A little Newar girl is put into a darkened, locked room for 12 days in her home. During this time, she can not interact with the opposite sex, even including male members of her own family. She is not allowed to have salted food and she cannot look at herself in the mirror or comb her hair. The room is often darkened by boarding up the windows, allowing no sunlight to seep in. For 12 long days the only company the young girl is allowed are female family members and female friends.
When this seemingly strange Newar tradition known as gufa (cave) or barah (twelve) was known to the modern world, it created an uproar among human rights and women’s rights activists.
To my sister this sounds strange, because she experienced the barah and considers it one of her favorite childhood memories. She is now a student of social work, but looking back she remembers having a great time playing with her friends inside the gufa room. She does not understand what the fuss is about. The tradition of barah is an ancient Newar ritual to mark the coming of age of young girls. It exists alongside many other traditions that punctuate and landmark a Newar person’s life. Compared to most of them, the barah ceremony comes relatively later in a young girl’s life. Right from a Newar child’s birth, to the inevitable passing on, a large number of traditional ceremonies, some of which have become obsolete, celebrate the joy of life in various ways.
A newborn child, as soon as he or she can be taken out of the house, is taken for a visit to the family jyotish, a priest whose duty is to inspect the child’s stars and warn the family of any troubles the child might be prone to, against which precautions should be taken. If there are negative omens, then the jyotish recommends a suitable puja ceremony in the child’s name, to ward of any evils. This ceremony usually takes place during the nwaaran or naming ceremony. The nwaaran ceremony can occur anytime after two days from the child’s birth. The ceremony includes a huge puja done in the baby’s name during and after which family and friends gather to celebrate the occasion. The naming of the baby is usually done with respect to any advice given by the jyotishi, but increasingly this custom has become obsolete with people understandably and excitedly choosing a name beforehand.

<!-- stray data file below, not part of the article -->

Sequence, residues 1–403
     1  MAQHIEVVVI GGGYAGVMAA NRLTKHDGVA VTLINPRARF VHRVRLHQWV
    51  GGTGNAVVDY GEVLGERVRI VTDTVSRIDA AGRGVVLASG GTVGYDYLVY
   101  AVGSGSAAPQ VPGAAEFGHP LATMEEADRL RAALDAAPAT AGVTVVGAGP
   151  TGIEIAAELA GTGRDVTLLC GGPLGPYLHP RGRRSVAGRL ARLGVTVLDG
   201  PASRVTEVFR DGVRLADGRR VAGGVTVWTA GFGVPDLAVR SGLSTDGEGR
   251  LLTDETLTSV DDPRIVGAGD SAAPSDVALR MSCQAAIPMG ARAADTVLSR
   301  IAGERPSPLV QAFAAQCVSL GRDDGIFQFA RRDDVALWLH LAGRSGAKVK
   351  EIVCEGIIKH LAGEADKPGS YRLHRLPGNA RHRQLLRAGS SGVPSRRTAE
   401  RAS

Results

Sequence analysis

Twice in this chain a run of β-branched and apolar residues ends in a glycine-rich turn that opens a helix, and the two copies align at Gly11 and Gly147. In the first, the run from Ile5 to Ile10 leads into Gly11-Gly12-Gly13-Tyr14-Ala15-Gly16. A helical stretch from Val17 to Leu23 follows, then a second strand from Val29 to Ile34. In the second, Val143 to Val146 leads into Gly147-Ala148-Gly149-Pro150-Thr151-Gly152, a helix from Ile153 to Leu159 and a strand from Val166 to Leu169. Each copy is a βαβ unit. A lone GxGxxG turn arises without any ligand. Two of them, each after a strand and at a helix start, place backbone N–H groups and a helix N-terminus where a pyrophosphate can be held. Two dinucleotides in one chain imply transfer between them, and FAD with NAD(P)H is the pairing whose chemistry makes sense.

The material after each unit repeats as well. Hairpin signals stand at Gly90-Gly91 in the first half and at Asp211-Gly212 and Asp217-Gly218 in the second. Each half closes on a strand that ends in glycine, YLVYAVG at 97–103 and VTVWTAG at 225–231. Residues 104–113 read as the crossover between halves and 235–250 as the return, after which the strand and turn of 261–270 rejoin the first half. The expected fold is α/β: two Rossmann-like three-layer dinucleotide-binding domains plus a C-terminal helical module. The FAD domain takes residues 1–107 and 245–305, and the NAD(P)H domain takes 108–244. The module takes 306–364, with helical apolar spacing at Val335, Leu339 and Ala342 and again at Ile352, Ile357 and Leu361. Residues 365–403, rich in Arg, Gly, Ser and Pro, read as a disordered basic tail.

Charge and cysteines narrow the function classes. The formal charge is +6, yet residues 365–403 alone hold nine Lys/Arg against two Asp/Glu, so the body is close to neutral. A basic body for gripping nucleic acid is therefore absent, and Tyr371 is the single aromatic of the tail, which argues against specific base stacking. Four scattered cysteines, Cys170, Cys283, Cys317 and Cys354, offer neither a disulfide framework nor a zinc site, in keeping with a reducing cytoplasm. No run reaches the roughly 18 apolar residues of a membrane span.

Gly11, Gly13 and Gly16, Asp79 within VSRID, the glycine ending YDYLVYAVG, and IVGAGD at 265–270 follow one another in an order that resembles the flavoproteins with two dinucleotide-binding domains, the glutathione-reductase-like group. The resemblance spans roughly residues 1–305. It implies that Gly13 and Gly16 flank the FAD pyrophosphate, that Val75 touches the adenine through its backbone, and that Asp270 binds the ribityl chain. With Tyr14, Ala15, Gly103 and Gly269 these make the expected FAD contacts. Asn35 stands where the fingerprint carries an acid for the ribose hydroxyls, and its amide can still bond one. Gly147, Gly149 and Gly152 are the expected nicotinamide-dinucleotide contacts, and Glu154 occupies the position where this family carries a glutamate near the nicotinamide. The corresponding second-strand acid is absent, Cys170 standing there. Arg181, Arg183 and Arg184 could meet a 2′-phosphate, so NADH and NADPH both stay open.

The next ceremony in the child’s life takes place when he or she is six months old. At six months of age, the child is fed his first grains of rice, the staple food of Nepal. This ritual is known in Nepali as annaprasan or rice feeding (or jankoo in Newari). The child is readied in red and gold traditional clothing since the ceremony usually takes place at a temple.
Most Newars worship both Buddhist and Hindu deities and, like the Hindus, they believe that dedicating the beginnings to lord Ganesh is auspicious. That is why the annaprasan takes place in front of a sukunda that has the image of Ganesh carved on it. Some perform the annaprasan at Ganesh temples situated in the neighborhood or at the popular ones located at the outskirts of Kathmandu.
A popular temple for the ritual is the Jal Binayak temple in Chobhar, right on the lap of the gorge where in mythology Manjushri cut down a hill with his mighty sword and drained the lake that was Kathmandu valley. The ceremony of feeding rice mixed with a little cow’s milk from a silver spoon to the baby. All members of the family feed the child in turn. In an associated ritual, the baby is offered a silver coin, a piece of fruit and a pen or pencil, on a plate. Family members wait to see which article the child will touch or pick up first, as a sign of the direction the child’s life will take. A silver coin represents a desire for prosperity, a pencil represents a desire for education and food represents a desire for materialistic pleasures. For a girl child this particular ceremony takes place when she is five months old.
Strangely, for reasons unknown and out of traditions handed down from generation to generation, the first birthday of the child is not celebrated by Newars. The second birthday, called a nidanbunhi is, however, a big deal. Family members gather to mark the child’s birthday where another puja is performed for the child’s wellbeing. The child is literally showered with Newari treats made out of wheat and chaku, a sweet, dark, concentrated extract of sugarcane, called yomari, plus til (sesame seed) and money, all of which is then donated to the needy. This act represents, once again, the warding off of evil spirits from the child’s body and is also a way of getting the blessings of people for the child. The fourth birthday called pyadanbunhi is also celebrated in similar fashion. After this, every birthday is celebrated normally with puja ceremonies and other usual celebrations.